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John Passant

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October 2009



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My interview Razor Sharp 18 February
Me interviewed by Sharon Firebrace on Razor Sharp on Tuesday 18 February. (0)

My interview Razor Sharp 11 February 2014
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The Greens and Clive Hamilton

The Greens have selected Clive Hamilton to run in the safe Liberal seat of Higgins in the forthcoming by-election.

The reactionaries in the Labor Party will not stand a candidate. Presumably a defeat for Rudd the Sun King would let slip his halo of invincibility and throw off track the momentum for an early election.

Hamilton is the Hollywood candidate for the Greens – a profile parachuted in to perform miracles.

So the Greens aren’t acting locally. 

The idea you can win a seat with a personality is bunkum.

It demeans the intelligence of people to think that more than a few might be influenced by the fact a candidate is a former football player, rock god or whatever it is the sellout did in their former life. 

In Hamilton’s case, admittedly, there is a little more substance to him than Peter Garrett or Pat Farmer or Hazem El Masri have.

He set up the Australia Institute, which in polite circles is called left wing.

But Hamilton isn’t left wing.

Here’s what the Australia Institute says on its website. (Yeah, I know, Clive isn’t there any more but it’s his philosophy.)

Our Philosophy

With new dilemmas confronting our society and our planet, a better balance is urgently needed. Unprecedented levels of consumption co-exist with extreme poverty. Technology has connected humanity as never before, yet civic engagement is declining. Environmental neglect continues despite heightened ecological awareness. If genuine progress is to be achieved, conscience, equity and concern for the future must be the guiding principles of our democracy. Socially just, environmentally responsible and economically viable solutions are possible, but only if insightful questions are combined with excellent research.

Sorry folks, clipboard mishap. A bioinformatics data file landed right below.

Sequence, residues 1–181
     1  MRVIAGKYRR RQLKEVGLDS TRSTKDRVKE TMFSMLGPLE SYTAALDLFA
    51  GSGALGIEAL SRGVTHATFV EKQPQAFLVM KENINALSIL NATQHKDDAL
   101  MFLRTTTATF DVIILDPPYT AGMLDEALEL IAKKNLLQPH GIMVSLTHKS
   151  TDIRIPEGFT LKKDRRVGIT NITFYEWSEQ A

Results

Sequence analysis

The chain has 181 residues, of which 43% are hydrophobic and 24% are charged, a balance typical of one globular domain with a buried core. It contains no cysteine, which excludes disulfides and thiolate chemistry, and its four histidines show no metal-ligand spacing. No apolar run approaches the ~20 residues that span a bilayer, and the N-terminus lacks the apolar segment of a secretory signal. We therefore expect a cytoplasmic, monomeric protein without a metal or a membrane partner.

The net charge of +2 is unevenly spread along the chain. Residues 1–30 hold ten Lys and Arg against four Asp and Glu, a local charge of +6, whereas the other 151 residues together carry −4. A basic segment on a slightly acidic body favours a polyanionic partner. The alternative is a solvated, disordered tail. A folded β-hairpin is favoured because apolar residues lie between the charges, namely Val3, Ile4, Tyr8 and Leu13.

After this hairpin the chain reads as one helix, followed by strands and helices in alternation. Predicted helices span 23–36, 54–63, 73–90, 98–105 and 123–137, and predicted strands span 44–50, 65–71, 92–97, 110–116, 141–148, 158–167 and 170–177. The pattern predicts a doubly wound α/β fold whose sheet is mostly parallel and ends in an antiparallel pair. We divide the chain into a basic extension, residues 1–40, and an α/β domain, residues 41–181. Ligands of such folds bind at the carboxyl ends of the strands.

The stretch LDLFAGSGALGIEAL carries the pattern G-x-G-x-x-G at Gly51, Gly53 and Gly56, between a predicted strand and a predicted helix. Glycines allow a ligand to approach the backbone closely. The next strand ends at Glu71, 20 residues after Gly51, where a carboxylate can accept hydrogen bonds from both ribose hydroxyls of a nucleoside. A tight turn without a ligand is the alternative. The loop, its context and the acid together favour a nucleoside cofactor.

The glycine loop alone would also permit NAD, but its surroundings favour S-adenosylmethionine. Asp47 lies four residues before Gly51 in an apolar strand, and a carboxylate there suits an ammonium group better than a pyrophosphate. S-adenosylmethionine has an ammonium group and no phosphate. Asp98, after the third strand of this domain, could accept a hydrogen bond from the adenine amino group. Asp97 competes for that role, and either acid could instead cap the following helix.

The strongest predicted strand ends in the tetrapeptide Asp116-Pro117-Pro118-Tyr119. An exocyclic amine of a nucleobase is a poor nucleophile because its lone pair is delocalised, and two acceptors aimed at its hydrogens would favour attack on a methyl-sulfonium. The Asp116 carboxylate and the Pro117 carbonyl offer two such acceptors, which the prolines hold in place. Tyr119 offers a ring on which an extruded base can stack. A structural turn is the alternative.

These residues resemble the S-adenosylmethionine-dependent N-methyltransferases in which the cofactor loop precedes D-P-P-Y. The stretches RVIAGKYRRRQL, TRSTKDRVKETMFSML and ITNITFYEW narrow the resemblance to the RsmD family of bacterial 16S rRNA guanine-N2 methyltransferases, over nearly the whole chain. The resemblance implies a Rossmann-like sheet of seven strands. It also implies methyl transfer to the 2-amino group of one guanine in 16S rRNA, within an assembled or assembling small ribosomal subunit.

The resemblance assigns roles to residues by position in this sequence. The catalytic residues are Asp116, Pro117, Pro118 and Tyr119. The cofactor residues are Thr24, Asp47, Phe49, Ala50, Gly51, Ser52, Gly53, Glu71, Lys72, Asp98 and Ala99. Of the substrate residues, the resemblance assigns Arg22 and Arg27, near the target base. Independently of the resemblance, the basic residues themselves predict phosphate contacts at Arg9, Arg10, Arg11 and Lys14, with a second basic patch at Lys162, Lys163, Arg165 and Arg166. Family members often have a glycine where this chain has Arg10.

Our Goal

The Institute is determined to push public debate beyond the simplistic question of whether markets or governments have all the answers to more important questions: When does government need to intervene in the market? When should it stand back? And when regulation is needed, what form should it take?

What’s radical about this? It’s reformism, nothing but warmed over laborism.

Indeed, Clive’s book Affluenza blames working people for wanting a few consumer goodies.  For him over-consumption rather than overproduction is the problem.  Hamilton fears the masses.

On the environment there is much to agree with. Hamilton recognises the immense dangers facing humanity today. 

And his suggested course of action – radical activism – is a step forward from the usual rhetoric of the do-nothings (including, I think, the party he is standing for, the Greens.) 

But this radical activism is aimed at confronting the public rather than leading it. It is elitism or, in the language of we arcane leftists, substitutionism.

To imagine that change comes through Parliament (as Hamilton in standing seemingly does) is to downplay the need for radical activism. In other words Hamilton’s view of change is top down. 

There is a common link in all of Hamilton’s views. Change is handed down from the gods of Mt Olympus. This blends in neatly with his contempt for, indeed fear of, working people.

His radical activism is missing an important component – mass democratic action.

 Thus his statism.  He supports capitalist government intervention in the market to save the profit system. He supports state censorship.

And he is so keen to protect the profit system that he is prepared seemingly to accept a dictatorship to do so in the name of the environment. He has written: